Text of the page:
Taped Lectures – Better than the Real Thing?
OK, this online learning concept may now have another feather in its cap. We recently discussed the notion of video lecture series being available online, a step that could ultimately render the traditional face-to-face lecture option obsolete.
In a rather interesting development, Dani McKinney, Jennifer L. Dycka and Elise S. Lubera have released the results of a new study. In iTunes University and the Classroom: Can Podcasts Replace Professors?, the researchers take a look at student test results depending on whether the student attended a specific classroom lecture or listened to the lecture as a podcast.
The experiment was quite simple. The researchers wanted to test the effectiveness of taped lectures and contrast that with the performance of those students who attended class and heard the same lecture in person.
To determine the effectiveness, the researchers created two distinct groups. One group of undergraduate general psychology students listened to a 25-min lecture given in person by a professor using PowerPoint slides. Students were provided handouts in the form of copies of the slides to enhance note-taking. A second group of undergraduate psychology students listened to the same lecture in a podcast. They too were provided the same PowerPoint handouts.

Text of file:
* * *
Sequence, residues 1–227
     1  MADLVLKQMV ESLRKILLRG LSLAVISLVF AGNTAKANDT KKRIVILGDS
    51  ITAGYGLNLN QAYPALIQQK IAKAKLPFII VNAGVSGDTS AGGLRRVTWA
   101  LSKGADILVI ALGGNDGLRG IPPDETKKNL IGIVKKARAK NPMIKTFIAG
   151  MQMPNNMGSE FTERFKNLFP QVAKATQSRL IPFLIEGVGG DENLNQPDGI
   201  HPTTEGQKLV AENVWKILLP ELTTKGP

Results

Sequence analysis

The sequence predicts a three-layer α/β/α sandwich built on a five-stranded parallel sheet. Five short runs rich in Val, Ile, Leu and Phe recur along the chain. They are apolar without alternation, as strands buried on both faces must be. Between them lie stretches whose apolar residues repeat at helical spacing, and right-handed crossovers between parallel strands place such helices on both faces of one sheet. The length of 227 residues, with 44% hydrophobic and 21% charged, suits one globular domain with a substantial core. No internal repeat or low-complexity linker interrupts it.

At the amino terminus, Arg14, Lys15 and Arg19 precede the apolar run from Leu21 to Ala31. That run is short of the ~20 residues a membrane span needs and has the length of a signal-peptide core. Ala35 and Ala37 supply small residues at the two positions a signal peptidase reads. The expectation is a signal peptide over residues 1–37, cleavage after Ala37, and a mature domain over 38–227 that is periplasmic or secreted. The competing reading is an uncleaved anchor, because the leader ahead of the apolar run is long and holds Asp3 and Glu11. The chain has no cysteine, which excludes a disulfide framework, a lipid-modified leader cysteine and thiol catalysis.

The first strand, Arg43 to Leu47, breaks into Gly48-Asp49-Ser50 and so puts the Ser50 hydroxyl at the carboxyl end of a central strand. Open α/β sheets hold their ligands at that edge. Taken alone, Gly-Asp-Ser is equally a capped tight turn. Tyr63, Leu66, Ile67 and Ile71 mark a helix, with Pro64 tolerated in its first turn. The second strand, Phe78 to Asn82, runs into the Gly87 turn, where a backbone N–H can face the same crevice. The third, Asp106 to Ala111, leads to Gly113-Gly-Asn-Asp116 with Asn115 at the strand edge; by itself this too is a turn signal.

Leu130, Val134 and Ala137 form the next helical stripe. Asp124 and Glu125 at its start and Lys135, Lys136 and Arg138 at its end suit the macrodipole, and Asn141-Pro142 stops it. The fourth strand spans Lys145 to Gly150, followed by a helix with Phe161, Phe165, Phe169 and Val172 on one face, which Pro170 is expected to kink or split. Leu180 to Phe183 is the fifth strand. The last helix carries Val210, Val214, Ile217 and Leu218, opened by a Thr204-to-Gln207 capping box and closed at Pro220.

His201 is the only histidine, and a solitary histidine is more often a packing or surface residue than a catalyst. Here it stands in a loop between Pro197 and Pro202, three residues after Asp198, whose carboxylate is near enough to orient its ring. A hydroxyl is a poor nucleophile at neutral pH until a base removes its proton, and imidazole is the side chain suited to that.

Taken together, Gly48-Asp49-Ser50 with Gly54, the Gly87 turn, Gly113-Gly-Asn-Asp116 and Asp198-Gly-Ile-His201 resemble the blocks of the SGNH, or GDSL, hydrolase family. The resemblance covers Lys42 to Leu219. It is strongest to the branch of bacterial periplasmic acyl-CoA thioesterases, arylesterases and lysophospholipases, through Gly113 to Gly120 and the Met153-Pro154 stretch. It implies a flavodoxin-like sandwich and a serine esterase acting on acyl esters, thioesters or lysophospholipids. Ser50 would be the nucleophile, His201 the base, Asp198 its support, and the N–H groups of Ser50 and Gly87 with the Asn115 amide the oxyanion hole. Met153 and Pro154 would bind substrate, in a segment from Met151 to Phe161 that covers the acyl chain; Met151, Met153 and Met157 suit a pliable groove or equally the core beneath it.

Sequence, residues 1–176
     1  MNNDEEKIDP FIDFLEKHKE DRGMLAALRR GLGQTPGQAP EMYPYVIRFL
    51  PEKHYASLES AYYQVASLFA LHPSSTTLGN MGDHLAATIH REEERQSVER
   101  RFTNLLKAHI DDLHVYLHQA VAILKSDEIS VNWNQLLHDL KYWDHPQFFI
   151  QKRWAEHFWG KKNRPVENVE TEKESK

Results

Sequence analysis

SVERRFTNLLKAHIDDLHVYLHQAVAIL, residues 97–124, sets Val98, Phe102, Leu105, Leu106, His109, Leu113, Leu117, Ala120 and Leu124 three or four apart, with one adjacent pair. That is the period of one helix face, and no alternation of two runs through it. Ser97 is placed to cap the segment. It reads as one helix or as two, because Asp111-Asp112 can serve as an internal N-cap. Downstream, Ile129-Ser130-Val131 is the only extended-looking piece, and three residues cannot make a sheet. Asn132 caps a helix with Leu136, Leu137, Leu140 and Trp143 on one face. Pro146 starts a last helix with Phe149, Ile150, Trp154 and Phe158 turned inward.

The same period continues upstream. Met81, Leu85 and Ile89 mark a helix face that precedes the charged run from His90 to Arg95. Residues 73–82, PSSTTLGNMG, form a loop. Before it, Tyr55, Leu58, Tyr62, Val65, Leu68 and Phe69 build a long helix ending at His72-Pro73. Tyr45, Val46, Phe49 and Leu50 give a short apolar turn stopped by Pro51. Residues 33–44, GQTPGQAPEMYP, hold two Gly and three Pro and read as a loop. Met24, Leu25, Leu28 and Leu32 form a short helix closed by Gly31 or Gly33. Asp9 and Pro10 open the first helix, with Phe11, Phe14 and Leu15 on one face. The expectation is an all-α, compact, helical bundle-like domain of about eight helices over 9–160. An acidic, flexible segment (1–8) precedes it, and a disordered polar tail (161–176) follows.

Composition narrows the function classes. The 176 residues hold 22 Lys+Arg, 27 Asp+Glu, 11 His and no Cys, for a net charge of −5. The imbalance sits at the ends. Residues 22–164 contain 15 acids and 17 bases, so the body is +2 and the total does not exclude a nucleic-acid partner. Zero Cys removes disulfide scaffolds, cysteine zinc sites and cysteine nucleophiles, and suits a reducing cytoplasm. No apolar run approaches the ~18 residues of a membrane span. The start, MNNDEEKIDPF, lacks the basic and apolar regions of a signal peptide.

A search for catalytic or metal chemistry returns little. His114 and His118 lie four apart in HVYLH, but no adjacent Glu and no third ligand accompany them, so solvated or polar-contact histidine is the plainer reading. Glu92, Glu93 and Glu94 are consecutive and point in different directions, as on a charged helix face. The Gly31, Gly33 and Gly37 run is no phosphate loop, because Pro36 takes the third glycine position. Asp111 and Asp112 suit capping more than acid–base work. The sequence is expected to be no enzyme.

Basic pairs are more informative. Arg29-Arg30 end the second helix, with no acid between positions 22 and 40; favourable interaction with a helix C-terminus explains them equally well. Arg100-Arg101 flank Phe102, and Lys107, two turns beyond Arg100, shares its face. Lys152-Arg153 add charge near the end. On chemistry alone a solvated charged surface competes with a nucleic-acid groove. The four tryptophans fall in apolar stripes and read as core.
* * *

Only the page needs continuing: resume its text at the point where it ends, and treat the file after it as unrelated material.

One week after the different group sessions, students took an exam on lecture content. In what most would deem a startling development, “students in the podcast condition who took notes while listening to the podcast scored significantly higher than the lecture condition.”
Another Blow to High Cost Education?
We noted previously the potential outcome of high-caliber lecture repositories becoming available online. We quoted John Robb, who offered this simple caveat in regards to online lectures, especially if the taped version were delivered by the best in the field.
“There is no need to recreate the lecture with tens of thousands of less qualified/exceptional teachers” if there is at least one exceptional version available online.
Critics have long held onto the fact that being there and hearing the lecture in person, face-to-face, trumps any taped offering. The work of McKinney, et al, certainly undercuts that assertion.
Unfortunately, in an ironic twist for us, the folks at ScienceDirect have not caught on to the opensource education movement. To be able to read the full article regarding the study one must shell out $31.50.
So we have not been able to discern what McKinney postulates as rationale for the students listening to a podcast to perform better than those students hearing the lecture in person.
But the abstract alone confirms that as education gives careful consideration as to how best to implement technology, things change when the focus is on steps to make education more affordable. Because, if lectures and the accompanying power point slides available on iTunes produce even similar academic outcomes as traditional face-to-face lecture formats, then the enormous potential cost savings from taped online versions would in fact render the current educational model obsolete.